SHOWTIME IN GERMANY Angela Merkel and Martin Schulz face off in front of the cameras Today, Germany’s chancellor and her main challenger face each other in the first and only televised debate ahead of the September 24 election. Many observers stylised the encounter as Schulz’s last chance to close the gap with Merkel, whose centre-right CDU
SHOWTIME IN GERMANY
Angela Merkel and Martin Schulz face off in front of the cameras
Today, Germany’s chancellor and her main challenger face each other in the first and only televised debate ahead of the September 24 election.
Many observers stylised the encounter as Schulz’s last chance to close the gap with Merkel, whose centre-right CDU leads Schulz’s centre-left SPD by about 15% according to the latest polls.
The problem with that view is that in Germany’s multi-party system, general elections are—unlike US presidential elections for instance—not decided by a showdown between the two candidates of the leading parties but rather by the appeal of the parties themselves.
Even if the TV debate swayed some of the many undecided voters, matters are complicated for Schulz; he has to attack Merkel to gain ground, but since his SPD has governed Germany together with the chancellor’s CDU for the last four years, his options are limited.
Unless Mrs Merkel makes an error of near-historic dimensions, it’s all but certain that the new parliament will make her chancellor for the fourth time. The question remains who will be her junior partner and what will become of Mr Schulz.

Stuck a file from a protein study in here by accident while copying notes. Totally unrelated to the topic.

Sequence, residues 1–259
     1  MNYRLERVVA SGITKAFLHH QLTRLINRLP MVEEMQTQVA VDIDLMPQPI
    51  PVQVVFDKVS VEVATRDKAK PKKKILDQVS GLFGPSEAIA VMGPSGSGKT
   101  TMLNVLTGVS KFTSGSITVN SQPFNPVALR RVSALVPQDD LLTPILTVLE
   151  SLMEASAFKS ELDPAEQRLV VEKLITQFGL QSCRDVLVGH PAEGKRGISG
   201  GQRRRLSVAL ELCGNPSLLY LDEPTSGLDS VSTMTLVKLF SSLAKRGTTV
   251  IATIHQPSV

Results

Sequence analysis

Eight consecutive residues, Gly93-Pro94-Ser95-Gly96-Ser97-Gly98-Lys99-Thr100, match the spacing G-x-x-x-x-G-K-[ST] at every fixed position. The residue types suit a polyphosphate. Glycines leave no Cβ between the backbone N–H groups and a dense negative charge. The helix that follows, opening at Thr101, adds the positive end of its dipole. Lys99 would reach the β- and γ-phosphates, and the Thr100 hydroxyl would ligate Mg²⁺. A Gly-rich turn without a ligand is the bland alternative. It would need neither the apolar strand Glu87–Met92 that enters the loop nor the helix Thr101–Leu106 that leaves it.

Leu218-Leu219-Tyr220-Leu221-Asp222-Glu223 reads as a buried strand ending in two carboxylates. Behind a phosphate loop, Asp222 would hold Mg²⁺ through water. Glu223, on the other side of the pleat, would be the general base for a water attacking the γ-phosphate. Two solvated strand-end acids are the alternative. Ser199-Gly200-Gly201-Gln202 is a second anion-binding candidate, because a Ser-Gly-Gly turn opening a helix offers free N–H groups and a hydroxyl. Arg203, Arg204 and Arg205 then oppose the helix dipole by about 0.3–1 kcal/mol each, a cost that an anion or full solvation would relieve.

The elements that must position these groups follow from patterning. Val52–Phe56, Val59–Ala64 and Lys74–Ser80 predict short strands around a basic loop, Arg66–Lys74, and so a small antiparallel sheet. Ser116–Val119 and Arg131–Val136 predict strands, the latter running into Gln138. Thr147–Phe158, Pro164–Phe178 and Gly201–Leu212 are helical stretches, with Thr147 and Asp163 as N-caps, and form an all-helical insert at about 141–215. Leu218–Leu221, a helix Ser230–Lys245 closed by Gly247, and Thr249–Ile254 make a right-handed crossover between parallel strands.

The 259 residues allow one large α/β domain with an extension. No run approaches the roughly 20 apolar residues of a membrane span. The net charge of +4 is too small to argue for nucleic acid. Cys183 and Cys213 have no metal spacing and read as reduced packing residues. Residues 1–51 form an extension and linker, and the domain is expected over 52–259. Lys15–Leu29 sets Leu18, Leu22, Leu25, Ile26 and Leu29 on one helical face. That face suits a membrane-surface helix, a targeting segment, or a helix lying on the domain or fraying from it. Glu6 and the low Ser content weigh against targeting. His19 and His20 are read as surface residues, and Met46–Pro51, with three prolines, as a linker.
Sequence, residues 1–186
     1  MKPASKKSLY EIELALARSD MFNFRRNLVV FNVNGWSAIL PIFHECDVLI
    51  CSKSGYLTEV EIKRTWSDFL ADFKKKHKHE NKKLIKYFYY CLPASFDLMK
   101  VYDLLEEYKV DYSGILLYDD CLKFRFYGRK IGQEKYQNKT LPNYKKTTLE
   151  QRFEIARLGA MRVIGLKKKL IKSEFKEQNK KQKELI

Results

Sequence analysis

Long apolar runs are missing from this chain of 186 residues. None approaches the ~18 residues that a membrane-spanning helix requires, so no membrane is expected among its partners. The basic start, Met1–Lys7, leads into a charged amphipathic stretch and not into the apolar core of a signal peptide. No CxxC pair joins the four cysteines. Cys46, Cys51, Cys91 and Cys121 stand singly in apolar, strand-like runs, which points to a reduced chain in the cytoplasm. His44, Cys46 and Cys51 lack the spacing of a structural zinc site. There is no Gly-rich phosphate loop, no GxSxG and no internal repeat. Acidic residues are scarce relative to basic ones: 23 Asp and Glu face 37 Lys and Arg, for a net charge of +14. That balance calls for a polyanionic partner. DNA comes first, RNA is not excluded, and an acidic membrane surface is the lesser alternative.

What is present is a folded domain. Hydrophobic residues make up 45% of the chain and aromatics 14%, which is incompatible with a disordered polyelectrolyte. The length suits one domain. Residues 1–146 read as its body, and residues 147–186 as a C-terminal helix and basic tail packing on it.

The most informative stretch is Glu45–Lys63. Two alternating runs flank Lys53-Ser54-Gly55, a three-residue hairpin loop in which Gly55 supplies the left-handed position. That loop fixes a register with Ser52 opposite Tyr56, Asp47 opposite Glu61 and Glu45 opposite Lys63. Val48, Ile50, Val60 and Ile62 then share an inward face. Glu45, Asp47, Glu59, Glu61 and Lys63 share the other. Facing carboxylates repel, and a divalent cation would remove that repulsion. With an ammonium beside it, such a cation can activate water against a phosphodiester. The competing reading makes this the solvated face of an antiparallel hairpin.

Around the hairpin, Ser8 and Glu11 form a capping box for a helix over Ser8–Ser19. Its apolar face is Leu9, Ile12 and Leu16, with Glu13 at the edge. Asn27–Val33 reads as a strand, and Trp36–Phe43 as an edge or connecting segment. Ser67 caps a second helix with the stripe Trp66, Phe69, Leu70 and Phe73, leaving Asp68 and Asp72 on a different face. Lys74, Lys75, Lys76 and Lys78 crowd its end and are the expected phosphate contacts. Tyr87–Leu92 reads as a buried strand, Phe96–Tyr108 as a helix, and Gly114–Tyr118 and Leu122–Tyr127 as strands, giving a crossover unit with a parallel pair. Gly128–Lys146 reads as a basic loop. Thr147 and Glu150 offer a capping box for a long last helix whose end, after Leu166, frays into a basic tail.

BRIC BY BRIC
Emerging economies bloc meets as leading members feud
The ninth annual BRICS summit, a conference attended by five major emerging national economies, Brazil, Russia, India, China and South Africa, will begin today in Xiamen, China. BRICS countries represent about 40% of the world’s population and constitute 22% of the gross world product.
The convention will address issues of cooperation, credit scoring and climate change. The bloc’s expansion could also be considered, as Egypt, Guinea, Mexico, Tajikistan and Thailand were invited as observer states.
While talk has been amicable this past week, tensions between China and India will underscore the weekend. Disputes over possession of the Doklam Plateau, China’s incursions into the Indian Ocean and its staunch alliance with Pakistan—India’s top adversary—have all contributed to animosity between the world’s two most populous countries. For India’s part, its support for Tibet by providing sanctuary to the Dalai Lama has angered Beijing.
While mutual concerns, like climate change and renewable energy, will prompt some cooperation this weekend, do not expect resolutions to any of the substantive issues that divide BRICS’ two biggest players.
NATO exercises in Georgia begin today
The seventh annual Agile Spirit drills will take place today. Normally a bilateral exercise of the US and Georgia, this year’s drills are being held under NATO’s sponsorship, including over 1,000 service members from Bulgaria, Ukraine, Latvia, Romania and Azerbaijan, as well as 500 US Marines.
Moscow maintains several military bases in the breakaway Georgian provinces of Abkhazia and South Ossetia, some of which provide the Kremlin invaluable port access to the Mediterranean. These territories also stifle Georgia’s ability to integrate further with the West, primarily NATO, which has shied away from granting the Caucasus state membership to avoid antagonising Russia.
The exercises, along with a continual bolstering of Eastern Europe’s military forces, will be a show of force by NATO. The hope is that they will assure many Eastern European states of NATO’s commitment to minimising Russian expansion and deterring any further Russian incursions.
Given recent Russian encroachments further into Georgia, coupled with fresh sanctions on Moscow approved by the White House, the exercises are unlikely to provoke Russia into rolling back any of its instalments in countries like Ukraine, Moldova, and Georgia.